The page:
News & Analysis: MOBs (October 2006)

Can cap rates keep falling?



By John Mugford


Just when many folks involved in medical office building (MOB) sales figured cap rates were finally starting to level off, recent statistics show they continued on their steady decline into the second quarter of this year.

In fact, when the national, preliminarily reported average cap rate initially dropped to less than 8 percent during the first quarter of 2005, everyone, including Healthcare Real Estate Insights, considered it a big deal – which, in fact, it was. That’s because cap rates had been in a long, slow decline since the mid-1990s, when the rate hovered around 11 percent.

The latest MOB sales statistics from national brokerage firm Marcus & Millichap indicate that the average cap rate for the second quarter of 2006 (Q2) was 7.35 percent. That, to the best of our knowledge here at HREI, is the lowest average quarterly cap rate in at least the past decade. Marcus & Millichap compiles MOB sales statistics each quarter and shares them with HREI.

The previous low reported in HREI was a quarter earlier, in Q1 2006, when the average cap rate for 96 recorded transactions was 7.5 percent.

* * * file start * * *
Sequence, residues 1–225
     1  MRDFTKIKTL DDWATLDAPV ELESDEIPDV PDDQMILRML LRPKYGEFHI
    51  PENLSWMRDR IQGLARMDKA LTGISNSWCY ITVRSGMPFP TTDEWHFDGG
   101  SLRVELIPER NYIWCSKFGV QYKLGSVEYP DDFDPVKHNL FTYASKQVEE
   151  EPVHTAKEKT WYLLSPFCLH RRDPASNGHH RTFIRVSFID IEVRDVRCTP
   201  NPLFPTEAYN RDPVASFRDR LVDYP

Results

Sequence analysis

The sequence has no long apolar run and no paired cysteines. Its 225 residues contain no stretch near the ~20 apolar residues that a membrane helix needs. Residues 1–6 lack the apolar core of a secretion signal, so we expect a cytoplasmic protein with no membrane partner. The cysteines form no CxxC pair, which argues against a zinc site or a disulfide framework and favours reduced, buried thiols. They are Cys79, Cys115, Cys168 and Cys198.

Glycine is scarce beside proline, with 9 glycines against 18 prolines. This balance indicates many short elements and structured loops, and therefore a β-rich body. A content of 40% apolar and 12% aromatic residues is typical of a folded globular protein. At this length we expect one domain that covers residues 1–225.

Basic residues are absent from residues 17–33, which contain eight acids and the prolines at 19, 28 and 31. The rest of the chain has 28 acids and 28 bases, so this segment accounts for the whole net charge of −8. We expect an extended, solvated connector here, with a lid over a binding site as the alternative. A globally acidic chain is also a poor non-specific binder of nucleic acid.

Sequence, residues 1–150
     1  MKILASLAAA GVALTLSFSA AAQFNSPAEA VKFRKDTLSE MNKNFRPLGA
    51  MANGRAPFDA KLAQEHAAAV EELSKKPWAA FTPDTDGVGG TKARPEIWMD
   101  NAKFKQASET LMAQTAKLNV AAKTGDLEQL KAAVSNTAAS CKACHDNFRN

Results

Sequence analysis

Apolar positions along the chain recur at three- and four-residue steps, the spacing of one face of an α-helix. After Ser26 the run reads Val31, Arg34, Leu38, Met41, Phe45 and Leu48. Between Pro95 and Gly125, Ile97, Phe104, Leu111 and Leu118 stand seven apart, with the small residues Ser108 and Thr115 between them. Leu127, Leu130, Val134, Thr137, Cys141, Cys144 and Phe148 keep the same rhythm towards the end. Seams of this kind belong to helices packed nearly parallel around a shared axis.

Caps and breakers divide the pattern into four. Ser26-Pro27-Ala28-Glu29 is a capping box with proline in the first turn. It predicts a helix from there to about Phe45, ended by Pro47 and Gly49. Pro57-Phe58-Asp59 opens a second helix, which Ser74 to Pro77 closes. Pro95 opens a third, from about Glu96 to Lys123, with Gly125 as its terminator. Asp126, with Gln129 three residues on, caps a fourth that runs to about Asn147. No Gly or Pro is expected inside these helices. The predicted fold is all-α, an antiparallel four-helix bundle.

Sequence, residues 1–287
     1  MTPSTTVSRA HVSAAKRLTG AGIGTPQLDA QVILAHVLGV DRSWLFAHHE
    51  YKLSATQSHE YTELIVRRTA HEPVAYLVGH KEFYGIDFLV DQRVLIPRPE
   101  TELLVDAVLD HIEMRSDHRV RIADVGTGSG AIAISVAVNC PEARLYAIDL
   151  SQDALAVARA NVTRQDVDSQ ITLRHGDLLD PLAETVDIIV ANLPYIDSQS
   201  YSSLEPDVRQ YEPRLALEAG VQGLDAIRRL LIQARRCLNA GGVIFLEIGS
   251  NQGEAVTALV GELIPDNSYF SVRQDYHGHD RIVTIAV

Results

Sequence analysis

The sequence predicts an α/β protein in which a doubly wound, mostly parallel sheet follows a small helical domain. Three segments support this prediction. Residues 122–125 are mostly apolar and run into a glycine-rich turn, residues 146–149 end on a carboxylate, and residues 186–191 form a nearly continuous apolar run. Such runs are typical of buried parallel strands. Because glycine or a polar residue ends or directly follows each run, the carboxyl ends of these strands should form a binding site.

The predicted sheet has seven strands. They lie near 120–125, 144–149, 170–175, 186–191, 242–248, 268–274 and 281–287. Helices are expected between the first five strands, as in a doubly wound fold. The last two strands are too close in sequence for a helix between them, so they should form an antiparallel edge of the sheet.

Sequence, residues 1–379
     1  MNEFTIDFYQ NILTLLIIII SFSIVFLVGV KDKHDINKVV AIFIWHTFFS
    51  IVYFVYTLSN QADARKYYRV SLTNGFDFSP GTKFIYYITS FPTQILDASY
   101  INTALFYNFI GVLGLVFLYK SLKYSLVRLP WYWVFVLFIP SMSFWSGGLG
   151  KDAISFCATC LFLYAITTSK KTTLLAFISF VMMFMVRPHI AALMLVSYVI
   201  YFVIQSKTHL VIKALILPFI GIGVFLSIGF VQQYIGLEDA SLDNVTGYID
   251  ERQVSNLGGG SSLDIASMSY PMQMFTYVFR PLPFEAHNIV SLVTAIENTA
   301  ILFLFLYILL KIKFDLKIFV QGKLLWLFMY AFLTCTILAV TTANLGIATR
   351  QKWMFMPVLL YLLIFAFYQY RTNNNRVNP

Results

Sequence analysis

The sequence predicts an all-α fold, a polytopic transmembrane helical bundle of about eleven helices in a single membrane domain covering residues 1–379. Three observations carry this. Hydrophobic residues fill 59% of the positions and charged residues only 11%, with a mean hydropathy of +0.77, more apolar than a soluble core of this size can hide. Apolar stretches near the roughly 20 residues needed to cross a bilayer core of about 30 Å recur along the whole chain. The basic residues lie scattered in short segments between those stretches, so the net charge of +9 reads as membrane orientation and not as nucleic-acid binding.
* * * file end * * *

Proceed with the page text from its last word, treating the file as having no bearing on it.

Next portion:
“This past summer was a little bit strange,” says Yitzie Sommer, senior research manager in Marcus & Millichap’s New York office. “Everyone had been geared up for the Fed to raise interest rates, oil was at $72 to $75 a barrel, and you had the war in the Middle East and concerns about Iran, and there was talk about a recession stemming from the housing slowdown.

“Well, as it turned out, oil was down 25 percent, the interest rate on the 10-year treasuries dropped from 5.1 percent down to 4.6 percent – the tone changed so much. And that allowed better performing properties to go for higher prices and lower cap rates.”

PSF keeps soaring

Here are HREI, we also thought it was a big deal when the national price per square foot (PSF) topped $200 for the first time – which it did, preliminarily, in Q4 2005.

We called the $200 figure a “threshold” in our April 2006 article titled “Average MOB sale price hits $200 PSF.”

As things turned out, the average PSF for Q4 2005 was actually $188. The actual, final figure was lower because Marcus & Millichap issues preliminary MOB sales statistics within a couple of months of a quarter’s conclusion. Several weeks later, after all of the transactions have trickled in, the firm issues final statistics.

By the way, the $200 threshold was indeed broken in the next quarter, Q1 2006, when Marcus & Millichap’s final statistics indicated that the average PSF was $213 on 96 transactions.

As for Q2, Marcus & Millichap’s stats show the average PSF was $221.

At this point in time, the firm’s Q2 statistics are final, as Mr. Sommer says all of the sales have been recorded.